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Brueggle city at night

Jamin R. Pelkey


Photograph of Jamin Pelkey

Office: POD 469D
Telephone: 416-979-5000 ex. 3454


Biographical Sketch:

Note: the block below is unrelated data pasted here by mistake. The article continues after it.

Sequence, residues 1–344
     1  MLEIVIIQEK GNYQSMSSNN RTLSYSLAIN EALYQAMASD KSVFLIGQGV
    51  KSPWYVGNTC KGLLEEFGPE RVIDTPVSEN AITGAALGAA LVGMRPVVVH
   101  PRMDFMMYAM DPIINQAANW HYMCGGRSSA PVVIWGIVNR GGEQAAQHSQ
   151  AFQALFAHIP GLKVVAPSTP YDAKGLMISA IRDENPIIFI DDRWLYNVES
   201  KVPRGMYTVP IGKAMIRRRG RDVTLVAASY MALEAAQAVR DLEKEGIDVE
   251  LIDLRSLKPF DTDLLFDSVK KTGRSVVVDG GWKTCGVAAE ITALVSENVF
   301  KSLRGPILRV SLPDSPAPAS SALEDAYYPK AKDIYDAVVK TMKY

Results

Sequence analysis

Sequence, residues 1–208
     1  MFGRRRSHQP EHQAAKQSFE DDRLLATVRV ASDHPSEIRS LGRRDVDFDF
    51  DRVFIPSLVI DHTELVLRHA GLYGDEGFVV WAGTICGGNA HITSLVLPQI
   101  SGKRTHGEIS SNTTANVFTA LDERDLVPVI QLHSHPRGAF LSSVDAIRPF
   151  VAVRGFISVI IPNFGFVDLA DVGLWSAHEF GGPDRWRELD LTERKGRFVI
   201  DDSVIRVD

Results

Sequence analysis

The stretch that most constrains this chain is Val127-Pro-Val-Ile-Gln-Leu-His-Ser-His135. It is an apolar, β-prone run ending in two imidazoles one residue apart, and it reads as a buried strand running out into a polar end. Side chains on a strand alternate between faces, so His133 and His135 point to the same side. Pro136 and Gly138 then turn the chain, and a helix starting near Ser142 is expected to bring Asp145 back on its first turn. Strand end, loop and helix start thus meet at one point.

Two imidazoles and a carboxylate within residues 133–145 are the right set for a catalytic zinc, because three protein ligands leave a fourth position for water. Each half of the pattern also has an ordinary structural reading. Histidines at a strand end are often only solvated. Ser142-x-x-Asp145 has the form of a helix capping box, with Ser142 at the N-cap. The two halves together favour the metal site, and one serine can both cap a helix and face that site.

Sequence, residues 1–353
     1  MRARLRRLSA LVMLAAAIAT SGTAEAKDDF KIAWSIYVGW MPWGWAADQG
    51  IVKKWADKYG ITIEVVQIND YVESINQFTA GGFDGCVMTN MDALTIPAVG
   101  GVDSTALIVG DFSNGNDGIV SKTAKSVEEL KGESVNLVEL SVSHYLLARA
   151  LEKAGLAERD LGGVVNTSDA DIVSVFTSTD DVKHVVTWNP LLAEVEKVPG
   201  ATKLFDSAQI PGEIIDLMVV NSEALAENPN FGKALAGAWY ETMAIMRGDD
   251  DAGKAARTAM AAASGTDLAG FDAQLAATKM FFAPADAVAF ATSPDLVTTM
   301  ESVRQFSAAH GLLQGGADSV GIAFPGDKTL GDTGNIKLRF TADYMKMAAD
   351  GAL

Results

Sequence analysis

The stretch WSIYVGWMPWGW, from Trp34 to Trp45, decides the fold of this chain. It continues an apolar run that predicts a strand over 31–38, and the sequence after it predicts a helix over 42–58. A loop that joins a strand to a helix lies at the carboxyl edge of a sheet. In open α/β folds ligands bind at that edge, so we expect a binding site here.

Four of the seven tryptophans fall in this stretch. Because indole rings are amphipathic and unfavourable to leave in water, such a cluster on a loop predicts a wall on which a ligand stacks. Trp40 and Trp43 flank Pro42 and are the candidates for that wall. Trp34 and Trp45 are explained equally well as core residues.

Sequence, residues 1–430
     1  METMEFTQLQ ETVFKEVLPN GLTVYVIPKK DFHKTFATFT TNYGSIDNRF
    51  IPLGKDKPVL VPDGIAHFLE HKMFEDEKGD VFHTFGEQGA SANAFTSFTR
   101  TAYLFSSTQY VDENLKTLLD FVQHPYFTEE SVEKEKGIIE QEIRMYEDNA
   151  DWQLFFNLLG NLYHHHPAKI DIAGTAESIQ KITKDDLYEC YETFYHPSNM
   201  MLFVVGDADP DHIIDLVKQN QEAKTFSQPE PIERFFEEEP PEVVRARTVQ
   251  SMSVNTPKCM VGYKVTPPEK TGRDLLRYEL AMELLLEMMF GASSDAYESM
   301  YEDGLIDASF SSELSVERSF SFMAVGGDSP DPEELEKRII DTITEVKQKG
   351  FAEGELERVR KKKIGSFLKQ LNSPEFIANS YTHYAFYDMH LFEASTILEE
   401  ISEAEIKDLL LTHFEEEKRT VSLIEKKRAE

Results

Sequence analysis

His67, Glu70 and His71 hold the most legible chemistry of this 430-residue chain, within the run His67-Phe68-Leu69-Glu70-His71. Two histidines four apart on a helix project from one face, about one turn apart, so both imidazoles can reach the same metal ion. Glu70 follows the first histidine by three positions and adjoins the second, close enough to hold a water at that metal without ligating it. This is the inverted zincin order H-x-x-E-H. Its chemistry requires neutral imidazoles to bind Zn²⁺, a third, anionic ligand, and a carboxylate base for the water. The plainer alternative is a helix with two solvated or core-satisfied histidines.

Jamin Pelkey is Associate Professor and Undergraduate Program Director in the Department of Languages, Literatures and Cultures. He joined the department in 2013 following five years of university teaching in British Columbia and more than a decade of field experience in the eastern hemisphere--including China, Thailand and Australia. Dr. Pelkey holds a PhD in Linguistics from La Trobe University, Melbourne, Australia--funded in full and awarded with merit in 2009. His areas of specialization include Linguistic Anthropology, Embodied Cognition, Tibeto-Burman Linguistics, Historical Linguistics and Semiotics. He is an award winning teacher and holds two federal grants, including “Steps to a Grammar of Embodied Symmetry” (SSHRC-IDG #430-2015-01226). Dr. Pelkey's first two published monographs (Dialectology as Dialectic, De Gruyter 2011; A Phula Comparative Lexicon, SIL 2011) define the Phula ethnolinguistic groups of China and Vietnam, identifying 18 new languages through mixed-methods fieldwork and analysis.  His latest research focuses on language evolution and the chiasmus figure (X), leading to the publication of his third authored book, The Semiotics of X (Bloomsbury Academic, 2017). He has co-edited four collections, including Sociohistorical Linguistics in Southeast Asia (Brill, 2017), Virtual Identities (PDC 2016), The Semiotics of Paradox (Legas 2015) and Why Semiotics? (Legas 2014). His recent research is published in collections such as Biosemiotic Perspectives in Language and Linguistics and Mind in Mathematics, and in journals such as Semiotica, The Journal of Literary Semantics, Reviews in Anthropology, Studies in Language and Diachronica. In addition to many other modes of international scholarship and service, Dr. Pelkey is Editor of the Semiotic Society of America Yearbook series Semiotics, Managing Editor ofThe Amercian Journal of Semiotics and Founding Editor of a new Berghahn book series entitled Studies in Linguistic Anthropology.